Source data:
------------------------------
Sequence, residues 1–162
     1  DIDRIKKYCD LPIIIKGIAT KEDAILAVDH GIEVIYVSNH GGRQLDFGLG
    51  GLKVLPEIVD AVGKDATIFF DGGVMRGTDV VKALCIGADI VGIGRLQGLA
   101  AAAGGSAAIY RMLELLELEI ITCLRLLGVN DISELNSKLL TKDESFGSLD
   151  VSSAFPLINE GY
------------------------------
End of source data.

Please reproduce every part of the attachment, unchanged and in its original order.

Sequence, residues 1–162
     1  DIDRIKKYCD LPIIIKGIAT KEDAILAVDH GIEVIYVSNH GGRQLDFGLG
    51  GLKVLPEIVD AVGKDATIFF DGGVMRGTDV VKALCIGADI VGIGRLQGLA
   101  AAAGGSAAIY RMLELLELEI ITCLRLLGVN DISELNSKLL TKDESFGSLD
   151  VSSAFPLINE GY